Why e-residents should not register as sole proprietors in EstoniaWhatsApp
In this article, I will explain the main differences between having a limited company versus registering as a sole proprietor in Estonia. We would also look into other possible forms of registering a business, and give our best advice to first-time founders wondering what is the best solution for running a remote business online.
The most popular form for e-residents by far is OÜ (osaühing, or limited liability company). Starting from February 2023, Estonian OÜ can be opened with a share capital of 1 euro cent. Before that, some people were thinking twice about OÜ because of the minimum share capital requirement which was 2500 euros. The company registration state fee of 265 euros is still over ten times higher than the 20 euros you would pay for registering as a sole proprietor. However, the registration cost is the only upside we can detect when comparing a limited company to a sole proprietorship in Estonia.
Tax Complications for non-residents
Sole proprietors in Estonia are taxed on their income generated in Estonia with personal income tax and social tax, which might result in higher tax rates compared to corporate income tax on distributed profits from your Estonian company. For non-residents, personal taxation can become complex due to international tax treaties and the risk of double taxation. Being registered as a sole proprietor in Estonia does not change your tax residency.
The Estonian Tax and Customs Board details that a sole proprietor’s income and expenses from business activities are reported annually on Form E of the personal income tax return, reflecting the need for detailed record-keeping where you determine each expense as a business expense or personal expense not to be used for a tax deduction. Personal income tax is to be paid biannually in advance starting from the second year.
In Estonia, sole proprietors are also responsible for their own health insurance and social security contributions. This means quarterly payments for the Estonian social security, so if you do not live or travel to Estonia it would not make sense to have health insurance here. The minimum payment in 2024 is 717.55 euros per quarter. This can be avoided if you can prove that you pay social tax in another EU country with an A1 tax certificate.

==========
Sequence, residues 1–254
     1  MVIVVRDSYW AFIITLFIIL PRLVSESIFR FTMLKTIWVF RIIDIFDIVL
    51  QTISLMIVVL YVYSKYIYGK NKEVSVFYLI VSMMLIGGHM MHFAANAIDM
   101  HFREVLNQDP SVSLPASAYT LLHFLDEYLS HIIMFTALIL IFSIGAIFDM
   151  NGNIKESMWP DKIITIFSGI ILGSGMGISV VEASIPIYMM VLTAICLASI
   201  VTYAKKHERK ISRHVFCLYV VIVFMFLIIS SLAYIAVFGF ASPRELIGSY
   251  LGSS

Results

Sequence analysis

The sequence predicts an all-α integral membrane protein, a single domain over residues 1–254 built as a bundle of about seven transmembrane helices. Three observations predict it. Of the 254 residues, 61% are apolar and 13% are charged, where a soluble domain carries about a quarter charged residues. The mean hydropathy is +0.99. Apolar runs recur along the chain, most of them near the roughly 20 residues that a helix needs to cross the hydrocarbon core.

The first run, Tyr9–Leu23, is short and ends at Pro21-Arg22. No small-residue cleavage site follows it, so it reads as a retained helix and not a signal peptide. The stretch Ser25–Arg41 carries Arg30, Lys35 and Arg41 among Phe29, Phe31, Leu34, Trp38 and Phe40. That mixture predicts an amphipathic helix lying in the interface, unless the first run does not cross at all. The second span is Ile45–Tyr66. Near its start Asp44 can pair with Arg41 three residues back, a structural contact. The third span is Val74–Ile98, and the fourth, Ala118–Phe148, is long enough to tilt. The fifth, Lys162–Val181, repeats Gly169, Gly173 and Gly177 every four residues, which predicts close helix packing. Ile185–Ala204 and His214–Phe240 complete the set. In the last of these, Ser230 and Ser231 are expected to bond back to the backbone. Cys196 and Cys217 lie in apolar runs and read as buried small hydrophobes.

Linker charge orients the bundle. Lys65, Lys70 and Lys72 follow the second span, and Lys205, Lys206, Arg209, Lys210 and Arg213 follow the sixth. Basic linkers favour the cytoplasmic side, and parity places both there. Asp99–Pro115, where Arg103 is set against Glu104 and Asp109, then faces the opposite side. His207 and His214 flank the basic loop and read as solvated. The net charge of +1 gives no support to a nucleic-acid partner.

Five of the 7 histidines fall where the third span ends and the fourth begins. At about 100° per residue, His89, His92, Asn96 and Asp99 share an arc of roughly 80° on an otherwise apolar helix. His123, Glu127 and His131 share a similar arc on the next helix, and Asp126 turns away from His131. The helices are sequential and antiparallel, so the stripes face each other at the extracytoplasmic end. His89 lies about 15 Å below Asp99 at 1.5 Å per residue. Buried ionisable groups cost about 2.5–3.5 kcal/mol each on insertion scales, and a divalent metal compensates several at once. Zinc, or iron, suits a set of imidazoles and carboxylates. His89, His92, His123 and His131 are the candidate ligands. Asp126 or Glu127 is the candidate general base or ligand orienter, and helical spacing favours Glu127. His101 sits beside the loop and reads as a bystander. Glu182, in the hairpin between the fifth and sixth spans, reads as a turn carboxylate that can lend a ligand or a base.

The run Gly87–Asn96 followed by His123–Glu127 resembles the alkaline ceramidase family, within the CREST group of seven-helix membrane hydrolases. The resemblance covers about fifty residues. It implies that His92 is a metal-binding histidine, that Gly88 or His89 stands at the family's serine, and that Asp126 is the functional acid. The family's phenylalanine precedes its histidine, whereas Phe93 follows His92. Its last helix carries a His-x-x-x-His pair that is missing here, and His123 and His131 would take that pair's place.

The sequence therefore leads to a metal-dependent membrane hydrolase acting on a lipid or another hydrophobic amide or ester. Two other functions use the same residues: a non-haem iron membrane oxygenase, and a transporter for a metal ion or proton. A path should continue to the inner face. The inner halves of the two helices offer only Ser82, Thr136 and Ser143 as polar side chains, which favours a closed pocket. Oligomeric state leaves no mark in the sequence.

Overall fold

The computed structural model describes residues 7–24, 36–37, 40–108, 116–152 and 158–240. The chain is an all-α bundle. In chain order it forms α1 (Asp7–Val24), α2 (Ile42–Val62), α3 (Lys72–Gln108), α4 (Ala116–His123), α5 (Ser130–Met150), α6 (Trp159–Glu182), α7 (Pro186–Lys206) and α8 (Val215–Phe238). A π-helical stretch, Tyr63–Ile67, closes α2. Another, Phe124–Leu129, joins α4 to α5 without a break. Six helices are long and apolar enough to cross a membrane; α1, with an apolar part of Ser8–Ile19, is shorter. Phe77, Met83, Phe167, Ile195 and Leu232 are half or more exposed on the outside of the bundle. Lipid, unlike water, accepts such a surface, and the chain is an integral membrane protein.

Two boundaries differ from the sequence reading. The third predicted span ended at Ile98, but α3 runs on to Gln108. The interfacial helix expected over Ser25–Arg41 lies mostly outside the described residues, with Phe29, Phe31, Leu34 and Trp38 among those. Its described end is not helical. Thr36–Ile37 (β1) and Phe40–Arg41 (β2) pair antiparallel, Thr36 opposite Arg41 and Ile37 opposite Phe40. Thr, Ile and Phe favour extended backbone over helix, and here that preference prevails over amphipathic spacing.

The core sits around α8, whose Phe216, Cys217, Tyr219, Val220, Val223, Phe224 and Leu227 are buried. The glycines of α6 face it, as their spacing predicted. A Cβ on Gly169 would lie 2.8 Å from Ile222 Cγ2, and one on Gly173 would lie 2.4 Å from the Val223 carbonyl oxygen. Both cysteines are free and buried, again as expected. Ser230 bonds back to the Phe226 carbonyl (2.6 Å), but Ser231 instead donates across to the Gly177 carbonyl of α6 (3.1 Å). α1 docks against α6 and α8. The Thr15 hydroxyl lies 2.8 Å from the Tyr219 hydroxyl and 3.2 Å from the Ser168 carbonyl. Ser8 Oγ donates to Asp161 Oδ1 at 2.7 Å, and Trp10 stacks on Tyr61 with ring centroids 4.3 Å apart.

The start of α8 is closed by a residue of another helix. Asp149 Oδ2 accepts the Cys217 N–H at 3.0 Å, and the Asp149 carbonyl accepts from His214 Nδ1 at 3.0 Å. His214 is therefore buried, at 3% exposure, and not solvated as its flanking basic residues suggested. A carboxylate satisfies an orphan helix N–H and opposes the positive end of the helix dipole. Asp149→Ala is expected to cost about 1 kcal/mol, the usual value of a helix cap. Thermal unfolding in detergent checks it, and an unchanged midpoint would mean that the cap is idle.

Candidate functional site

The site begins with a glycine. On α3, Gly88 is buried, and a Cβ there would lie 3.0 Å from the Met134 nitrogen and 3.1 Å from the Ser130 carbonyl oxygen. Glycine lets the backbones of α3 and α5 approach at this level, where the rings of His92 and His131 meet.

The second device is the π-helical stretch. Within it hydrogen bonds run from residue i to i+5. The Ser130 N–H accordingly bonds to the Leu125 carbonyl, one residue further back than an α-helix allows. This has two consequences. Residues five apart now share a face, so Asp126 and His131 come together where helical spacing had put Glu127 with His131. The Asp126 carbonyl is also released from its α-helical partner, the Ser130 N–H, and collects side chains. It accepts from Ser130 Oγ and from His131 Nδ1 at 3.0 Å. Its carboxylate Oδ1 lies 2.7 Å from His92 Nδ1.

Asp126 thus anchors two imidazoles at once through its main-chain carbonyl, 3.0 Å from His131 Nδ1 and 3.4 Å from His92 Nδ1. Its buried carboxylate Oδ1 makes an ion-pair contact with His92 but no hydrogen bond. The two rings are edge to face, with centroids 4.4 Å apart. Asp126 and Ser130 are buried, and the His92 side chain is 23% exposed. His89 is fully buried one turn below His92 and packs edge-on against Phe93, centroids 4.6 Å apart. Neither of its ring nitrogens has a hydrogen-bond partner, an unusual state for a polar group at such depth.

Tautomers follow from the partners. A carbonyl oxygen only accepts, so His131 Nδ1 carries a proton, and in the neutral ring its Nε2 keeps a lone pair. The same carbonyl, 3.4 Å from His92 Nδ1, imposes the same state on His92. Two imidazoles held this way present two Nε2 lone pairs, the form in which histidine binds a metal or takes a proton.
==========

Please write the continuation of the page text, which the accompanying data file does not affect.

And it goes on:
Legal Status of Sole Proprietors
A sole proprietorship does not provide a separate legal entity and you are a natural person conducting business with full responsibility. This means being personally liable for business debts and obligations, putting your assets at risk. Understanding and complying with laws and regulations is an overwhelming job even for resident sole proprietors without having a professional accountant.
Limited liability companies are byt the way an important milestone in the history of capitalism. Before that people took fewer risks in the forms of general partnerships or personal ownership of a business, which were the only available formats of entrepreneurship. Realized business risk meant losing your property or even freedom when unable to repay business debts.
Banking and Financing
Opening a bank account in Estonia as a non-resident sole proprietor is nearly impossible, but you could use your personal bank account in any country theoretically. Estonian banks require physical presence and impose scrutiny on non-resident account applications, as mentioned in the Unicount banking article. The lack of a corporate structure might also restrict access to certain business financing options.
Sole proprietorships are not suitable for scaling a business with external financing. Investors and partners perceive companies as more credible and for a reason, you can’t give someone equity or convertible notes in your future income as an individual. Non-residents aiming for significant growth or seeking investment should look into a limited liability company.
Registration of a limited company
As a non-resident you can open an OÜ at a notary office and as an e-resident by using the Unicount service or the e-Business Register. The main expense item when opening a company will be the state fee of 265 euros. After registering a company, you can open a business bank account and start trading. Using a notary is the only option if you are not an e-resident yet. In addition to the state fee, a notary fee needs to be paid then. The contributed capital can later be used for business activities.
The limited liability company will be registered by the next business day in an expedited process. In this case, standard articles of association need to be used. Regular proceedings are slower, taking up to 5 business days, but allow you to file manually amended articles.
Monetary and non-monetary contribution of share capital
Typically, the founder contributes share capital in cash, each shareholder needs to pay at least 1 euro cent as this is the lowest value of a share in a limited company. However, tangible property or rights can also be used instead of money. To do this, upon establishment, it is necessary to change the charter and allow non-monetary contributions therein. In this case, an agreement on making a non-monetary contribution, as well as confirmation from the board of directors regarding the value of the property or right, must be submitted to the Business Register.
Other forms of entrepreneurship
In Estonia, it is also possible to engage in entrepreneurial activity in the form of FIE (sole proprietor, füüsilisest isikust ettevõtja), tulundusühistu (commercial cooperative), UÜ (usaldusühing, limited partnership) and TÜ (täisühing, general partnership). Registration of AS (aktsiaselts, joint stock company) is an opportunity that solopreneurs usually cannot take advantage of due to the high minimum share capital requirement.
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